Bicycle sales in Australia have recorded record sales of 1,273,781 units for 2006, exceeding car sales by 32 percent. It is the fifth year in a row that the bicycle industry has sold more than one million units, a figure yet to be realised by car manufacturers.

The Cycling Promotion Fund (CPF) spokesman Ian Christie said Australians were increasingly using bicycles as an alternative to cars. Sales rose nine percent in 2006 while the car market stalled. Mr Christie said people were looking to cut their fuel costs and improve their fitness.

Mr Christie said organisations were beginning to supply bicycles as a company vehicle. “There is an emerging trend towards people using bikes as their official company-supplied vehicle in place of the traditional company car,” he said.

“Some of Australia’s biggest corporations now have bicycle fleets, and when you add in government organisations, we now know of at least 50 organisations which operate fleets of bikes.”

“Although the company bicycle is a long way from taking over from the company car, it’s an important trend when you consider that nearly half of all cars sold are to company fleets.”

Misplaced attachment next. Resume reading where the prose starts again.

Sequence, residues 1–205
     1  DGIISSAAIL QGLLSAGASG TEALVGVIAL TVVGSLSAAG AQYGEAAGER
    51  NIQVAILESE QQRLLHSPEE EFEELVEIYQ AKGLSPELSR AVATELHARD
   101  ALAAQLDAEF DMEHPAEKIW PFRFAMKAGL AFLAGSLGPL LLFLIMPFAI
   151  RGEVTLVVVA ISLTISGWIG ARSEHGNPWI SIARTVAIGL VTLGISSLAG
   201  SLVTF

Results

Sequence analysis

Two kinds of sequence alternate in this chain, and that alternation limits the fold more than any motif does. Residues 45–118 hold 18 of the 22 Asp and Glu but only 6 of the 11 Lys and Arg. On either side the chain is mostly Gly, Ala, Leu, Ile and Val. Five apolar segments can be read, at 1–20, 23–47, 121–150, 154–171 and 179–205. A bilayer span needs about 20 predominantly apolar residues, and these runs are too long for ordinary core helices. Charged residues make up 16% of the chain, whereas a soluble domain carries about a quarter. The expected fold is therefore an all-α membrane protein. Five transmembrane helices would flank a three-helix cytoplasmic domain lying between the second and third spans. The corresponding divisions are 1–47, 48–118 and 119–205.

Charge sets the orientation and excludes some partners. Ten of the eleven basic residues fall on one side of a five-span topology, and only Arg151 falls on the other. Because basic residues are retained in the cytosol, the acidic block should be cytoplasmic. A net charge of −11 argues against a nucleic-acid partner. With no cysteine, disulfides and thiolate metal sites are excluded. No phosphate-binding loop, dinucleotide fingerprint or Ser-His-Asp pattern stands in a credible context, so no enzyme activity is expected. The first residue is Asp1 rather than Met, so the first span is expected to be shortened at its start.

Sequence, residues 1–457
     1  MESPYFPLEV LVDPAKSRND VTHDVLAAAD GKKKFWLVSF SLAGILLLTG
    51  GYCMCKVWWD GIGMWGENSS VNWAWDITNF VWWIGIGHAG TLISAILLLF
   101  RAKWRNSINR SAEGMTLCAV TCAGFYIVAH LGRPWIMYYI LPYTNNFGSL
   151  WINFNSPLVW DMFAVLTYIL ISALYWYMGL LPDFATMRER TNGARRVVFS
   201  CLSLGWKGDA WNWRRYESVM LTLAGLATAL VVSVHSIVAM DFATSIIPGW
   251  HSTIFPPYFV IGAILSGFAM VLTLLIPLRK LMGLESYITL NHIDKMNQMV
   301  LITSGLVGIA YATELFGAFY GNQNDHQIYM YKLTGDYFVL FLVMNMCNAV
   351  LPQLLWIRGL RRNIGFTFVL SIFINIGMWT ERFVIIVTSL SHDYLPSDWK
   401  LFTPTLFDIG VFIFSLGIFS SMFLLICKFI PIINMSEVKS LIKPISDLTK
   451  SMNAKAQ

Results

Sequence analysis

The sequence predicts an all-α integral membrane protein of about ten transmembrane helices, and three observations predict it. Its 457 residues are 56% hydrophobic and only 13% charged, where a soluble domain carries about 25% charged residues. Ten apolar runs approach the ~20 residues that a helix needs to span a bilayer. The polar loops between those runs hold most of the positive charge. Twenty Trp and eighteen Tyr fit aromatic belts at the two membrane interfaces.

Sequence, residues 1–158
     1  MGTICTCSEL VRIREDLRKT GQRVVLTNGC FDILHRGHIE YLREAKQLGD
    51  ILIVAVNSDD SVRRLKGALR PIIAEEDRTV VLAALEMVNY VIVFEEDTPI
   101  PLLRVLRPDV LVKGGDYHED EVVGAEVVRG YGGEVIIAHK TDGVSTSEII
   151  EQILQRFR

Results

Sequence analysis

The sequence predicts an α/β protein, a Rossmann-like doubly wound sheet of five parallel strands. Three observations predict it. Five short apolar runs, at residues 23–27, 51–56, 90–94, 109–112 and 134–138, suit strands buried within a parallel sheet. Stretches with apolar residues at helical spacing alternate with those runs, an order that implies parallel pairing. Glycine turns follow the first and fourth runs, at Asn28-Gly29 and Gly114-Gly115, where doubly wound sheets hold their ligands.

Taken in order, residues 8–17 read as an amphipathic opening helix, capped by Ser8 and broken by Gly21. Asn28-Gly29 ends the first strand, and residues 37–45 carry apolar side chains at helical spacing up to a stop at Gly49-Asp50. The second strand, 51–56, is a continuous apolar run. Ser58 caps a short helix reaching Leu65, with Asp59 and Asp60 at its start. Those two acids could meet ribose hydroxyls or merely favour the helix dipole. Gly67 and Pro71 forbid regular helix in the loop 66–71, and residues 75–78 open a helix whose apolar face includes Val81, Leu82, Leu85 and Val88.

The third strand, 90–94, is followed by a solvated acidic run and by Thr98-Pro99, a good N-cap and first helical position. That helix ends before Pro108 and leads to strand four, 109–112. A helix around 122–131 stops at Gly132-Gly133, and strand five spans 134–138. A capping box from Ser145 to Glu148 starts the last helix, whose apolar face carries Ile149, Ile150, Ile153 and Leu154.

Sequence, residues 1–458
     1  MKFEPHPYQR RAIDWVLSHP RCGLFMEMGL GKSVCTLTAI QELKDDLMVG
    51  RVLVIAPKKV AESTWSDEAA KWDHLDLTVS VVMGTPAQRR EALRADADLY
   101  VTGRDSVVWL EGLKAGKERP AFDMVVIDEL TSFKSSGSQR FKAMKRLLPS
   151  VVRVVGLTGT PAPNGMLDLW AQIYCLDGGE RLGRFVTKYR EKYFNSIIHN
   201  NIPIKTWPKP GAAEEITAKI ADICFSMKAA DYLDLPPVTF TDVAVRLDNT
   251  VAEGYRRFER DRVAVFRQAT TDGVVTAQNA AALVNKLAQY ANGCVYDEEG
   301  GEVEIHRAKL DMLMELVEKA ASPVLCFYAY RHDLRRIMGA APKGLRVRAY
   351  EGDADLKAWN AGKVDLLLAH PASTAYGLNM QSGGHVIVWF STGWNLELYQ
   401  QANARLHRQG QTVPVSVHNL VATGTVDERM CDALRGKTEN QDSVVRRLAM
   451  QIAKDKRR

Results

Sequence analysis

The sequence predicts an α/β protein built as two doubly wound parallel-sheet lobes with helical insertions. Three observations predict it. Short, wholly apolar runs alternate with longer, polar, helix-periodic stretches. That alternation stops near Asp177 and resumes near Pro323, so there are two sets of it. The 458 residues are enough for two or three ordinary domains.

The CPF claims most commutes to work are less than 5 kilometres (3 miles) making bicycle travel a viable alternative.

10 October

Controversial rapper dethrones Mariah Carey from No. 1

Thursday, September 8, 2005In one of the most shocking changes in No. 1 in Hot 100 history, rapper Kanye West, who has been in the news this week because of his controversial views on the federal government’s reaction to the relief efforts of Hurricane Katrina, received a surge of radio airplay in the pop mainstream radio markets and topped the Billboard Hot 100 for the second time in his career as a performer.

His “Gold Digger” featuring Jamie Foxx vaulted 19-1 on the chart, ending Mariah Carey’s 14 non-consecutive week reign with “We Belong Together”. “Together” drops to No. 4 on the Hot 100.

The 19-1 rally makes it the fifth biggest gain to No. 1 in Hot 100 history. The song also gains a record 94-2 on Billboard’s Pop 100 chart kept out of the No. 1 on that chart by the Pussycat Dolls with “Don’t Cha”.

Mariah Carey is still No. 2 with “Shake It Off”. “Shake” was widely expected to gain to the Hot 100 pole position this week. Mariah Carey was No. 1 all summer with “Together” dethroned only once before by American Idol winner Carrie Underwood with “Inside Your Heaven” on the July 2 chart.